International Tax Review is part of the Delinian Group, Delinian Limited, 4 Bouverie Street, London, EC4Y 8AX, Registered in England & Wales, Company number 00954730
Copyright © Delinian Limited and its affiliated companies 2023

Accessibility | Terms of Use | Privacy Policy | Modern Slavery Statement

Opinion: Conservative calls for UK tax cuts are not about growth


The UK government is facing more pressure to cancel its plan to raise corporate tax, but the demands from Conservative politicians are more about the political agenda than growth.

Corporate tax is becoming a fault line in British politics with Conservative members of Parliament opposing Prime Minister Rishi Sunak’s more restrained approach to fiscal policy. It looks like the prime minister is in trouble with a large faction of his own party.

Former leaders Boris Johnson and Liz Truss are calling for the Sunak government to cancel its plan to increase corporate tax from 19% to 25% in April. A new body, the Conservative Growth Group (CGG), has been formed in Parliament to pressure the government on tax cuts.

Ranil Jayawardena, founder of the CGG, said yesterday, February 26: “Targeted tax cuts are a powerful tool to boost economic growth.

“We should look again at scrapping this tax hike on businesses at a time when we need them to succeed,” said the MP for North East Hampshire.

Worse still for Sunak, the CGG is not a lonely force in Parliament. It is aligned with the European Research Group and the Northern Research Group, both of which support the call for keeping the 19% corporate rate.

This means the Sunak government faces around 150 MPs who oppose the 25% rate. It’s possible that the government could see a significant rebellion in Parliament, but this is not just about tax policy. Nothing in politics happens in isolation.

At the same time, the UK government is trying to solve the problems of the Northern Ireland Protocol with a new deal with the EU. This is bound to inflame tensions with Eurosceptic MPs even more, despite Sunak’s strong support for Brexit.

Nevertheless, the UK is scheduled to raise corporate tax from 19% to 25% and Chancellor Jeremy Hunt shows no sign of backing down ahead of the March 15 budget.

Sunak and Hunt are hoping fiscal restraint will shore up the UK’s credibility with financial markets after the hubris of Liz Truss’s ‘mini-budget’ in September 2022. But they will face serious problems if they can’t maintain support in Parliament.

Chopping and changing

The CGG argues that 19% will help keep the UK competitive, bolster growth and create jobs, but the evidence for this is lacking. If 19% was such a guarantee of growth, the UK economy would not be stagnant already. It takes more than low tax rates to boost growth.

As for whether the UK will lose its competitive edge with 25%, the country would still have one of the lowest corporate rates in the developed world – including the lowest of the G7 nations – though it would be above the OECD average.

It’s also true that the UK corporate tax rate was higher than 25% not too long ago. Back in 2010, the headline rate was 28%. The coalition government reduced it from 28% to 19% in just six years and wanted to cut it to 15% by 2020.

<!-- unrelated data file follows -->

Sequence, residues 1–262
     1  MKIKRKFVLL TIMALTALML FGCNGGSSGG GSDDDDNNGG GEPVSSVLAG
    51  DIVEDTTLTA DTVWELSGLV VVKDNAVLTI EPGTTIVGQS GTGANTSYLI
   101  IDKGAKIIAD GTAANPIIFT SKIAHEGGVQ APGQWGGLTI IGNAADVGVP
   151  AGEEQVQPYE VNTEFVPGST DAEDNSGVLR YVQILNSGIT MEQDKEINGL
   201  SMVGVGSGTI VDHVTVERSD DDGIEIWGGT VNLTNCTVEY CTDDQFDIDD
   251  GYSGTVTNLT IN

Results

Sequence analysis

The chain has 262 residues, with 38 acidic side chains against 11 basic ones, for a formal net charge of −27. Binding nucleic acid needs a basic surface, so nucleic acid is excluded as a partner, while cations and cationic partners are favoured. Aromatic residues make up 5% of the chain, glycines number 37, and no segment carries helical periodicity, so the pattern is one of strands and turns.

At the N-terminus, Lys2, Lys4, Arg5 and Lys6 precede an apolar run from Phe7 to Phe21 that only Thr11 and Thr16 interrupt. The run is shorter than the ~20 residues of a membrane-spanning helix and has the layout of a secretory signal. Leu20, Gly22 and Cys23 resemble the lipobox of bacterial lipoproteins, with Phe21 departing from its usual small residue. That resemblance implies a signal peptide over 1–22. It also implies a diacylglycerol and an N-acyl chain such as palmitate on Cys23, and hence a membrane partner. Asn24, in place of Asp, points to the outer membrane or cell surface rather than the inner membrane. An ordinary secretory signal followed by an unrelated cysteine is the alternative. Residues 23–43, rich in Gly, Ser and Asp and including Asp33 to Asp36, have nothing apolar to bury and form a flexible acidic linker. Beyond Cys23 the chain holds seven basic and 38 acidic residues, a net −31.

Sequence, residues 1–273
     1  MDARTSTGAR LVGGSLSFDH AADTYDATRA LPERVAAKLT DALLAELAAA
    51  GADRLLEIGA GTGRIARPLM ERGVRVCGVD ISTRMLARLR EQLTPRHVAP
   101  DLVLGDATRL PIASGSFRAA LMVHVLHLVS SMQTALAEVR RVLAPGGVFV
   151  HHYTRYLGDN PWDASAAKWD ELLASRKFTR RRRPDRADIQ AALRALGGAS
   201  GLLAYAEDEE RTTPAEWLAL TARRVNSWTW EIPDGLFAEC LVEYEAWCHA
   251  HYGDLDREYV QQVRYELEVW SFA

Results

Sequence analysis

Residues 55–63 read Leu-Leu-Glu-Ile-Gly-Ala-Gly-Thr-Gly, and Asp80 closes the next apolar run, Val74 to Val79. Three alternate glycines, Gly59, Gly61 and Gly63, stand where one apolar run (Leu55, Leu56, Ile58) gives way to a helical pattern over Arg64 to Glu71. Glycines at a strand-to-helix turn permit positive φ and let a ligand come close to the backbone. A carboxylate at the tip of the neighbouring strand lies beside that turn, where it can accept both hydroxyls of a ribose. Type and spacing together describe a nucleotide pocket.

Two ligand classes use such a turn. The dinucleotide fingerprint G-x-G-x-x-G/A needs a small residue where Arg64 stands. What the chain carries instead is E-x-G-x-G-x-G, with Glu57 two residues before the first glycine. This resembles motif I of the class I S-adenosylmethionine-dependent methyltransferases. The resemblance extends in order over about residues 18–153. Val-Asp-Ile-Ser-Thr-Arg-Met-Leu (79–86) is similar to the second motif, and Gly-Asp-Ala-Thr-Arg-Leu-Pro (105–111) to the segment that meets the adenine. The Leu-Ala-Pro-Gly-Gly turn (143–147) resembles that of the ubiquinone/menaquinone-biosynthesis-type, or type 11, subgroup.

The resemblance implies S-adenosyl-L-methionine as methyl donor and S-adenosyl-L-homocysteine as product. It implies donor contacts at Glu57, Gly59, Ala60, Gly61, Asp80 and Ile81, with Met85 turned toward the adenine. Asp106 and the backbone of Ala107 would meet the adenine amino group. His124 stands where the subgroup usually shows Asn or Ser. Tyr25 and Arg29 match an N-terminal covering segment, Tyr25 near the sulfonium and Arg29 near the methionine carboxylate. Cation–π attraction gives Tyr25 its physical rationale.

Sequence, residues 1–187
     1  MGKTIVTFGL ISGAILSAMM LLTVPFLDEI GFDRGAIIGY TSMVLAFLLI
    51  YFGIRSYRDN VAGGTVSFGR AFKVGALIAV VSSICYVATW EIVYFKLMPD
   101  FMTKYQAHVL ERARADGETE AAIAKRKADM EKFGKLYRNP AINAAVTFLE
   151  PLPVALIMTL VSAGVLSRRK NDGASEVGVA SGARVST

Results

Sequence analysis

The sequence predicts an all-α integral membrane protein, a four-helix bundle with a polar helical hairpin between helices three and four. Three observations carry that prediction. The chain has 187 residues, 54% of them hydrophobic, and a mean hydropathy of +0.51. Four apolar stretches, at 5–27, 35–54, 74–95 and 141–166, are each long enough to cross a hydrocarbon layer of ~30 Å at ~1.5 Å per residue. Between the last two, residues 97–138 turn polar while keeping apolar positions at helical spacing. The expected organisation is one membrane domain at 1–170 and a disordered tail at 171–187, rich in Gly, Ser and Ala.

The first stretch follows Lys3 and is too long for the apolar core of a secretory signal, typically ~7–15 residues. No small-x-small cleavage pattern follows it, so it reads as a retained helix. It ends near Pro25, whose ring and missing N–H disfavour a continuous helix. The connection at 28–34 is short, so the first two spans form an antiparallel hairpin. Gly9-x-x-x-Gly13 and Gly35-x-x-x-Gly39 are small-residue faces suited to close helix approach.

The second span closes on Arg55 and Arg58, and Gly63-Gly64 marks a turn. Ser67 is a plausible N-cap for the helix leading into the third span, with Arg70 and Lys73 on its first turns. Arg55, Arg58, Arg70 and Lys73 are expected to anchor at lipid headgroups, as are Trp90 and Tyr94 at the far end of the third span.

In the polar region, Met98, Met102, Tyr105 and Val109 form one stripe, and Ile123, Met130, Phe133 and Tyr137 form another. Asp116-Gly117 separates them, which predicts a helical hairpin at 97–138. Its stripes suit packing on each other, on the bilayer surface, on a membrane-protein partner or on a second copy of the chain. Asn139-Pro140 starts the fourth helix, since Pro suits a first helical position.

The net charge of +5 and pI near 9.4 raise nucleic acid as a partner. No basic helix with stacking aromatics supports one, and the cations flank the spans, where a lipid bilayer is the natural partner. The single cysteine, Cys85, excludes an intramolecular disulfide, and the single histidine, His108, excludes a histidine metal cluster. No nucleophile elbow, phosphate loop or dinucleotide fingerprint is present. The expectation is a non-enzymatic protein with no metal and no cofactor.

Chancellor George Osborne secured a commitment to lower it to 17% before he left office in 2016. This rate change was stalled until 2019, when Prime Minister Johnson cancelled the plan. It was Johnson and Sunak who set the policy for 25% in motion.

The former prime minister also committed the UK to implementing the OECD’s proposed global minimum corporate tax rate. So it’s odd that Johnson is now one of many voices calling on Hunt to cancel this hike.

The UK government is still set to introduce a minimum effective corporate rate of 15% by 2025 and this will put a significant floor under tax planning. Never before have multinational companies faced such a limit on their tax affairs.

As a result, UK companies will face a higher effective rate and not just a higher headline level of corporate tax. But somehow the minimum corporate rate has not become a dividing line in Westminster.

It may be that this is part of Johnson’s comeback strategy rather than a demand to boost growth. If so, this won’t end even if Hunt pulls a u-turn on corporate tax in two weeks.

more across site & bottom lb ros

More from across our site

Mauro Faggion appeared cautiously optimistic as the European Commission waits to see whether all 27 member states will accept its proposal.
The global minimum rate also won’t entirely stop a race to the bottom, according to a tax director speaking at an ITR conference in London.
The country’s tax authorities are not interested in seeing transfer pricing studies any more, it was claimed at an ITR industry conference in London.
The controversial measure is being watered down after criticism from the European Central Bank.
More than 600 such requests were made in 2022, while HMRC has also bolstered its fraud service, it has been revealed.
The General Court reverses its position taken four years ago, while the UN discusses tax policy in New York.
Discussion on amount B under the first part of the OECD's two-pronged approach to international tax reform is far from over, if the latest consultation is anything go by.
Pillar two might be top of mind for many multinational companies, but the huge variations between countries’ readiness means getting ahead of the game now, argues Russell Gammon, chief solutions officer at Tax Systems.
ITR’s latest quarterly PDF is going live today, leading on the looming battle between the UN and the OECD for dominance in global tax policy.
Company tax changes are central to the German government’s plan to revive the economy, but sources say they miss the mark. Ralph Cunningham reports.